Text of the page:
There is a complex of factors that comes into play for voters in urban areas of Peninsular Malaysia, which encompasses large cities and small towns, many of them represented by opposition MPs.
Economic strain and insecurity is such a prevalent theme; on the ground, low-and even middle-income households are struggling to make ends meet, or feel shortchanged by the system. In urban areas, government assistance measures like BR1M do not go very far because of the high cost of living, and middle-income households feel left out.
Voters will consider socio-economic offerings in Barisan Nasional (BN) and Pakatan Harapan (PH) manifestos and the big ticket items that resound at rallies and in social media - but trust will also weigh heavily on their minds.
They will lean towards leaders and parties that can convince them that the government will put ordinary people's interests first, and that show integrity, compassion and competency. Issues of conscience, governance and dignity will also matter relatively more to the urban electorate.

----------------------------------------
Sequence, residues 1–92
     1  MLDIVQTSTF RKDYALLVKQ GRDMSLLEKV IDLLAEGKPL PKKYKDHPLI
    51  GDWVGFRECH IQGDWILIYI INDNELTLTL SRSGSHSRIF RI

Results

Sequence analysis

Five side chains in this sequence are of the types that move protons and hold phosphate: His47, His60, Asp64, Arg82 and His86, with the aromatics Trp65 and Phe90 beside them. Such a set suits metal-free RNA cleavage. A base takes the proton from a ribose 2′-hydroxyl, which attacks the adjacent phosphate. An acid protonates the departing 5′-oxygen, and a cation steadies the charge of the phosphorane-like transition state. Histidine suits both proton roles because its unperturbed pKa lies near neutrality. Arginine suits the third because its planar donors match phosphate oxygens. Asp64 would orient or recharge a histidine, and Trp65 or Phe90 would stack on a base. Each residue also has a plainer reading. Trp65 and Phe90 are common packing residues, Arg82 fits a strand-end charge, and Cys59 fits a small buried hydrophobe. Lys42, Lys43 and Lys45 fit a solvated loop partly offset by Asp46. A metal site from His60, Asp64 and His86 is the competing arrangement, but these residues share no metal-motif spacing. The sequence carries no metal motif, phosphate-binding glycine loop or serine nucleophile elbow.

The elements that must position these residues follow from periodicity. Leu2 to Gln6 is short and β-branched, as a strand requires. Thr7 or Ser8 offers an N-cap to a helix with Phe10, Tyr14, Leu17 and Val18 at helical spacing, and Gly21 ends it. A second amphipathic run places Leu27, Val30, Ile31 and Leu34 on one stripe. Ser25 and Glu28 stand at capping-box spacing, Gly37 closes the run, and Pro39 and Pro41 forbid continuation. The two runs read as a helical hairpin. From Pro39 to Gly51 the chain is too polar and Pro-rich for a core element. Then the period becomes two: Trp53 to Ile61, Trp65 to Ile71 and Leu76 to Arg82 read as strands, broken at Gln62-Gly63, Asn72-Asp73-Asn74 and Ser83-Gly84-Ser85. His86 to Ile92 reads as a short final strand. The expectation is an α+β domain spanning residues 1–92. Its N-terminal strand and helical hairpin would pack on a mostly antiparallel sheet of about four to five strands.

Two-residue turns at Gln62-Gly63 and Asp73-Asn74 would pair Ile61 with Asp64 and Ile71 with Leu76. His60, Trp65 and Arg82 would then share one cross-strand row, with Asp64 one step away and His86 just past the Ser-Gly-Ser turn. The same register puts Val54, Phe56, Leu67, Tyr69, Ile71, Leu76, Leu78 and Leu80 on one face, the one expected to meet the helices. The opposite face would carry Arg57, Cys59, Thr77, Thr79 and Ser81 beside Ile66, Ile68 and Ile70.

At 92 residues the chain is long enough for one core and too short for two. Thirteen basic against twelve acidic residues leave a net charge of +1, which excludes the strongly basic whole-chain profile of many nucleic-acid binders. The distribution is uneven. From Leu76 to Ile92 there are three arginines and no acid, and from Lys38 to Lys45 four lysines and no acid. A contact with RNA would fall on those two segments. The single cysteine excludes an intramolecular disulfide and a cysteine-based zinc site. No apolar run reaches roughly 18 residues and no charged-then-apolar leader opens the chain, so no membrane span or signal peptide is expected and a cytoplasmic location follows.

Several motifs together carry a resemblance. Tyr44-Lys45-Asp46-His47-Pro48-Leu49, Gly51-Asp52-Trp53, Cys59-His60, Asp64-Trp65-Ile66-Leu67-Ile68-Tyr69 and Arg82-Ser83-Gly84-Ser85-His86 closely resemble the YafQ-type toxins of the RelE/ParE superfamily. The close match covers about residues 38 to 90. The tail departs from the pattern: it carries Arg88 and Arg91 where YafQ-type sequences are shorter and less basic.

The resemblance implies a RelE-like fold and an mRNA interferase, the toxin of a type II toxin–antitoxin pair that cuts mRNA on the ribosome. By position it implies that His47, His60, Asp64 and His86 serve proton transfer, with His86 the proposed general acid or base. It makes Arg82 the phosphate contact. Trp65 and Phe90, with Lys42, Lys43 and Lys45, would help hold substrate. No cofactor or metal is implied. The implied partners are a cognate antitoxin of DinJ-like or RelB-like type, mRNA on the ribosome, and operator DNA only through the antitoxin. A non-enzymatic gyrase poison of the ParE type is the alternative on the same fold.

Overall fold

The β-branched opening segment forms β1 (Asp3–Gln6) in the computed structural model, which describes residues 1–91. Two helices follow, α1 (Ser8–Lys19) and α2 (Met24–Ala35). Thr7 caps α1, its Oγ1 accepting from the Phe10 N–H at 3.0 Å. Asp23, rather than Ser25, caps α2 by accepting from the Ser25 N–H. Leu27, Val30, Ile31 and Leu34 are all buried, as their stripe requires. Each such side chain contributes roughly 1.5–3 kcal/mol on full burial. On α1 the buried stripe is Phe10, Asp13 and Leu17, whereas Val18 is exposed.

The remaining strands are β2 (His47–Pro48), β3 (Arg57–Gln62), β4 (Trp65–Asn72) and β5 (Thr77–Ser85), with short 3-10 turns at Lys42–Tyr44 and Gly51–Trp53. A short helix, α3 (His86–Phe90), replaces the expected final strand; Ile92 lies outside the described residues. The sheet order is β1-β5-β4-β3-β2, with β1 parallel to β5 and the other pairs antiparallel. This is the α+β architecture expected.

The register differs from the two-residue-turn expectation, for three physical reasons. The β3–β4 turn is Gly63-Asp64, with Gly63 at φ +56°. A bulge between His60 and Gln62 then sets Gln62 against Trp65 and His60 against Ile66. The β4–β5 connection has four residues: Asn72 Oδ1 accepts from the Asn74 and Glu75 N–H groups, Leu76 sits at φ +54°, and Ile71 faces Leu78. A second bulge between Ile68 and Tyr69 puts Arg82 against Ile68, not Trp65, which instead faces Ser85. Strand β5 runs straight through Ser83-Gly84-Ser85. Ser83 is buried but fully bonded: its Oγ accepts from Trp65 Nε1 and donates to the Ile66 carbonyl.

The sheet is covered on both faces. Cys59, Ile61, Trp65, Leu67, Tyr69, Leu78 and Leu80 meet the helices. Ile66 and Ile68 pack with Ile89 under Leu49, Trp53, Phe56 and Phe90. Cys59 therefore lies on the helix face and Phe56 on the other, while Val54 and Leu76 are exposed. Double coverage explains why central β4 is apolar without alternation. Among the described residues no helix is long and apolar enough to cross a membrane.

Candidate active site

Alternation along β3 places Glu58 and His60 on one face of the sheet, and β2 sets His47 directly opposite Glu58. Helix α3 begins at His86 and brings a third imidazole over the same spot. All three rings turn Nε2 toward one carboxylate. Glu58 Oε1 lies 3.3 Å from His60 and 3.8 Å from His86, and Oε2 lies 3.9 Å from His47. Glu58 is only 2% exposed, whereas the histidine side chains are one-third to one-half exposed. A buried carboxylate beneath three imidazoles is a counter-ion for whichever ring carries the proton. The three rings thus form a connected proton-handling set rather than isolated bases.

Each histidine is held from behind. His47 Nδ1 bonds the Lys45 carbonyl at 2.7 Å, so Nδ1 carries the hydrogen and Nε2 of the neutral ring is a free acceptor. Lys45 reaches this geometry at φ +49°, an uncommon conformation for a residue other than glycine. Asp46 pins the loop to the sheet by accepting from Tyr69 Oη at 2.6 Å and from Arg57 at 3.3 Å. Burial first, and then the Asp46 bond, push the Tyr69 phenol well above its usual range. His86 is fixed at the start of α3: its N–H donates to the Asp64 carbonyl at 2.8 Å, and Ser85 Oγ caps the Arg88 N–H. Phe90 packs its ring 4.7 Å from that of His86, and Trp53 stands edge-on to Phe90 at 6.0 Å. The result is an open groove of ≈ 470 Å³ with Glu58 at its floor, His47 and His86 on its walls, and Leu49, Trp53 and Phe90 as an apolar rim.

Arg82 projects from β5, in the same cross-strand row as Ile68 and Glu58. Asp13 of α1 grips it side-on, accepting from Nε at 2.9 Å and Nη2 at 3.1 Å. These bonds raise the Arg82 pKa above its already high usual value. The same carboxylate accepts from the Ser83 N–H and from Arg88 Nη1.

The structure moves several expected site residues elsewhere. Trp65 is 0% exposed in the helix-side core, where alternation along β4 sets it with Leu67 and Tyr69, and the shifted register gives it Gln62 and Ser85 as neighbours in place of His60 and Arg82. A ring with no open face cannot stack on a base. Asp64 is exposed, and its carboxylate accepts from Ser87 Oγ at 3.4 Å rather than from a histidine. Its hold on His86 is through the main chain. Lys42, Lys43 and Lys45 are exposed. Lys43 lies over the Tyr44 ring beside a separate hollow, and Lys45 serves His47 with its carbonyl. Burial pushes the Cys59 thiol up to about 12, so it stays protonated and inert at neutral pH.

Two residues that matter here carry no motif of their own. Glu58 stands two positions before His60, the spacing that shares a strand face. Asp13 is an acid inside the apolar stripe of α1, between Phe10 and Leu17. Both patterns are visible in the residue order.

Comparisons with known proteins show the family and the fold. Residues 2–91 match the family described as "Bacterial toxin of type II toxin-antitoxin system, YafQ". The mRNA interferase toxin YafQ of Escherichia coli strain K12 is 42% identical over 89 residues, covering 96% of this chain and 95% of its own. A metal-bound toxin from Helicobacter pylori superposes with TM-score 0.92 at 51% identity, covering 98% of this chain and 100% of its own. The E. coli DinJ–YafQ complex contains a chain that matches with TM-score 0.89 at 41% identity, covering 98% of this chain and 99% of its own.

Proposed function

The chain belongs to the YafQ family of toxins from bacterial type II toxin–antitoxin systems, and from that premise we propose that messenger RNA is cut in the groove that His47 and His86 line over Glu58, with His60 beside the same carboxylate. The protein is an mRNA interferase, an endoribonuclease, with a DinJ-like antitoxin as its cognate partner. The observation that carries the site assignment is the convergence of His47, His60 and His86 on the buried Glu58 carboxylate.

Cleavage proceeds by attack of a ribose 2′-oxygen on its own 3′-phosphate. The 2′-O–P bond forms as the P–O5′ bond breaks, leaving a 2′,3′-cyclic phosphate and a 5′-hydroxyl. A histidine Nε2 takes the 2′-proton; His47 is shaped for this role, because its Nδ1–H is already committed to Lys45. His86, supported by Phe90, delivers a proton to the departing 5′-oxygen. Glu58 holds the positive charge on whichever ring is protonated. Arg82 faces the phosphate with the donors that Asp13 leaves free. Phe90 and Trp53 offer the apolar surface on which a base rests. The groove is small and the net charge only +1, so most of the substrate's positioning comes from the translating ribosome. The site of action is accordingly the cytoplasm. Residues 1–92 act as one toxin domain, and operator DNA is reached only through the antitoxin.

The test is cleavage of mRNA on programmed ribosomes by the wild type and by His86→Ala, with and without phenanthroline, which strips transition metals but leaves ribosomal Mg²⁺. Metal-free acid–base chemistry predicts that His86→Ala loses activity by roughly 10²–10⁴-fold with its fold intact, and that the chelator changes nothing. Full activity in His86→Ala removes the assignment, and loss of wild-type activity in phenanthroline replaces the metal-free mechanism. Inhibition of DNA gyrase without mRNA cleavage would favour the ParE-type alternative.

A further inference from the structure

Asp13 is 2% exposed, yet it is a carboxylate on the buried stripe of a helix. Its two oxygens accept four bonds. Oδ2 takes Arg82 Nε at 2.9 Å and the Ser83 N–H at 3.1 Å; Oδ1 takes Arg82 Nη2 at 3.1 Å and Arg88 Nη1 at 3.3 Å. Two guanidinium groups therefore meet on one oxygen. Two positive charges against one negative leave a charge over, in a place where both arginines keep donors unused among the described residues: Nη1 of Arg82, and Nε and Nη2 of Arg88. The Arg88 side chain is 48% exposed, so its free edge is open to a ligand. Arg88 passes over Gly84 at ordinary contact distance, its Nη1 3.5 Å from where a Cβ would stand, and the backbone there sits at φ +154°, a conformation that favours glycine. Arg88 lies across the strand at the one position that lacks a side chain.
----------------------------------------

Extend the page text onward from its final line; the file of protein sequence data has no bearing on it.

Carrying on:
The BN's recent corruption scandals and their effects on collective dignity will be pitched against its long track record of ushering in Malaysia's development.
Other issues, like the allegedly biased conduct of this general election and unfair treatment of PH, will also resonate on the ceramah (election rallies) trail and occupy voters' minds.
On the whole, I do not see BN regaining significant ground in urban areas, and it will be continually dependent on rural strongholds.
• Lee Hwok-Aun is a senior fellow at the Malaysia Studies Programme at ISEAS - Yusof Ishak Institute.